Deborah W. Rooke, «Jesus as Royal Priest: Reflections on the Interpretation of the Melchizedek Tradition in Heb 7», Vol. 81 (2000) 81-94
In Hebrews’ portrayal of Jesus as a high priest, not according to the line of Aaron but of Melchisedek, there is no reinterpretation of traditional messianic categories. Rather, inasmuch as Hebrews has shown Jesus to be an exalted figure of sacral monarchy, it has depicted him as a truly messianic figure, in whose person the lines of both priesthood and monarchy converge. This is, in turn, entirely consistent with the emphases in Hebrews on Sonship and priesthood, since taken together these are the two major elements of the royal ideology out of which messianism grew. There should, therefore, be allowed more room in Hebrews for royal ideology than traditionally seems to have been the case.
divine sonship and priesthood are elements of the ancient royal ideology. Indeed, such a convergence of sonship and priesthood has already been presented at 5,5-6, where the writer uses two OT quotations to speak of Jesuss installation as heavenly high priest. Here the pattern of sacral kingship is immediately recognisable, as the writer quotes Ps 2,7, where God declares his adoption of the monarch-to-be as his son, followed by Ps 110,4, where the new monarchs priestly prerogatives are bestowed upon him by divine oath5. It should therefore be no surprise to find royal elements in the more detailed exposition of Jesuss high priesthood in Heb 7, especially since the ancient royal ideology was a major defining component of messianism. The result is thus a presentation which despite its apparently overwhelmingly priestly character is consistent with the traditional messianic expectation of a son of David, that is, a royal figure, even if it is not expressed in terms of explicitly Davidic categories6. This comes out very clearly when a point-by-point comparison is made between the priesthood of the ancient monarchs as portrayed in the Old Testament and the description of Jesuss high priesthood in Heb 7. The present study is in two parts: first, a discussion of the significance of Melchizedek as a paradigm of royalty in Heb 7, and secondly, an examination of the features of Jesuss priesthood as they appear in Heb 7.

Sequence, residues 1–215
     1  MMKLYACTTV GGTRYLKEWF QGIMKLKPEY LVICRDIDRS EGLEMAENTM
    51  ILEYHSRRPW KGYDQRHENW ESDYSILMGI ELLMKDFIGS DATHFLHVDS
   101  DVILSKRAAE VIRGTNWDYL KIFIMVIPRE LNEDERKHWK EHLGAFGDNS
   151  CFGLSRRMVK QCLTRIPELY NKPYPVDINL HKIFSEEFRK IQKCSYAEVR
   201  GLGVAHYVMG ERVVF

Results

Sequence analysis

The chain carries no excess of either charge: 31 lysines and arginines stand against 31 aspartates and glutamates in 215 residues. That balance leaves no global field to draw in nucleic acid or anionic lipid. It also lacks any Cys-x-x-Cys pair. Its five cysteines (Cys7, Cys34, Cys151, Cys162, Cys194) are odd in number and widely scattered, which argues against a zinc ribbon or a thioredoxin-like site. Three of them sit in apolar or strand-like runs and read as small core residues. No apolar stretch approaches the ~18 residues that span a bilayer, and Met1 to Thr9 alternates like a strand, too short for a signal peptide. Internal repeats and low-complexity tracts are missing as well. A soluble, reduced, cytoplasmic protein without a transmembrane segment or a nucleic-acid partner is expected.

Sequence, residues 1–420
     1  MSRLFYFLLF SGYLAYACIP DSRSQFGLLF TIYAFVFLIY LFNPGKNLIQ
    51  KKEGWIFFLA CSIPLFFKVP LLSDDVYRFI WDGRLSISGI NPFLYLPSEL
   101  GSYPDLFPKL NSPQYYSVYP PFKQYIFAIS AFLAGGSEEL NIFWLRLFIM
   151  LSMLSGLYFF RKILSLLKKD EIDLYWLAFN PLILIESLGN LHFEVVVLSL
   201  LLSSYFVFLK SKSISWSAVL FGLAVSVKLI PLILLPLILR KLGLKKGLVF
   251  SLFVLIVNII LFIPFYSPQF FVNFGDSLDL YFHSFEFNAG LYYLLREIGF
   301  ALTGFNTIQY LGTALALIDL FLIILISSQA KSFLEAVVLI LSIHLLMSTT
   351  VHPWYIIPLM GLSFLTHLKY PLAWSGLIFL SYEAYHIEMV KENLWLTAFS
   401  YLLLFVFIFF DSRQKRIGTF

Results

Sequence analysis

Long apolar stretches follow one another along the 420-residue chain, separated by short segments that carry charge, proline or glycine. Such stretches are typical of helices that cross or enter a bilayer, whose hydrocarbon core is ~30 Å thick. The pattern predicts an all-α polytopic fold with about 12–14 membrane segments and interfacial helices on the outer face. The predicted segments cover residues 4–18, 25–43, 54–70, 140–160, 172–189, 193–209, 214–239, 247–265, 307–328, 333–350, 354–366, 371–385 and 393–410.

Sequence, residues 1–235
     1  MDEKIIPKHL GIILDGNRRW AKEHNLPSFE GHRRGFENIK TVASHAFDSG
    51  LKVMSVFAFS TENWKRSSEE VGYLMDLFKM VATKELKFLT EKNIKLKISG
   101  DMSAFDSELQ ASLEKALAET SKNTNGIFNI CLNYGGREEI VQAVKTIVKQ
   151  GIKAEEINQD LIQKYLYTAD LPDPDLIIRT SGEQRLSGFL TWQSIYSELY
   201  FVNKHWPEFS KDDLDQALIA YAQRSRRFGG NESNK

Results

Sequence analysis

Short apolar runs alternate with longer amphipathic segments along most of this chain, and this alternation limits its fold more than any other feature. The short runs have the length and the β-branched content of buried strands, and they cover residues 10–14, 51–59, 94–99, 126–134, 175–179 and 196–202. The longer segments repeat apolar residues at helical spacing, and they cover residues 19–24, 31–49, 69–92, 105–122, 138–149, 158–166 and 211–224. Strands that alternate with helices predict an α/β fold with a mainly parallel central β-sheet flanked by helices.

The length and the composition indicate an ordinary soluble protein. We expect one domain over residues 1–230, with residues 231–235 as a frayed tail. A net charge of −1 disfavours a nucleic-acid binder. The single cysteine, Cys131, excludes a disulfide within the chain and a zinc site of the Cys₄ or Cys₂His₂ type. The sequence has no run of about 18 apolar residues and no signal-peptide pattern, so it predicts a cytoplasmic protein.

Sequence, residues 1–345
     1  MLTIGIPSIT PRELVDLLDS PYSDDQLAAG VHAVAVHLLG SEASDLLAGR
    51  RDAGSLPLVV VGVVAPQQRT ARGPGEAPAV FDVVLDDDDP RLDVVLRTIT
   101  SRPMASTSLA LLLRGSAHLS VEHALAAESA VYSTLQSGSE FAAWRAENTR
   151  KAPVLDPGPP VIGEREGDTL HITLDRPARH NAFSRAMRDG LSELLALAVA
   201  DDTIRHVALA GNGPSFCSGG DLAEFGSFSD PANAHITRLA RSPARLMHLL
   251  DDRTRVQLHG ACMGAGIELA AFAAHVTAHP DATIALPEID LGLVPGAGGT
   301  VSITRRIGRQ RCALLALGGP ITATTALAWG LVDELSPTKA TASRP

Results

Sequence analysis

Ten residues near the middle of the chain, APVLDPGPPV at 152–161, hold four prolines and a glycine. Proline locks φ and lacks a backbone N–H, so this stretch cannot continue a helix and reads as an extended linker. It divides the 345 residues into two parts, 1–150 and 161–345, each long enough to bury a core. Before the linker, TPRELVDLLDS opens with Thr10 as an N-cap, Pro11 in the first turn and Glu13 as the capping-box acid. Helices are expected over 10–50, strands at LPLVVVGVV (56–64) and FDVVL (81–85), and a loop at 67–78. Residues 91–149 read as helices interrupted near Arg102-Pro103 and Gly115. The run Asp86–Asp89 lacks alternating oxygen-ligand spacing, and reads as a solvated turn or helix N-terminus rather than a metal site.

I. Melchizedek as a paradigm of royalty in Heb 7
When assessing the christological significance of the Melchizedek presentation in Heb 7, the most important point to note is that the writers choice of Melchizedek as the model for Christs priesthood has in itself royal overtones. This is not necessarily an obvious conclusion, since in view of the varied and sometimes supernatural presentations of Melchizedek in Jewish writings of the late Second Temple period7, it would not be surprising to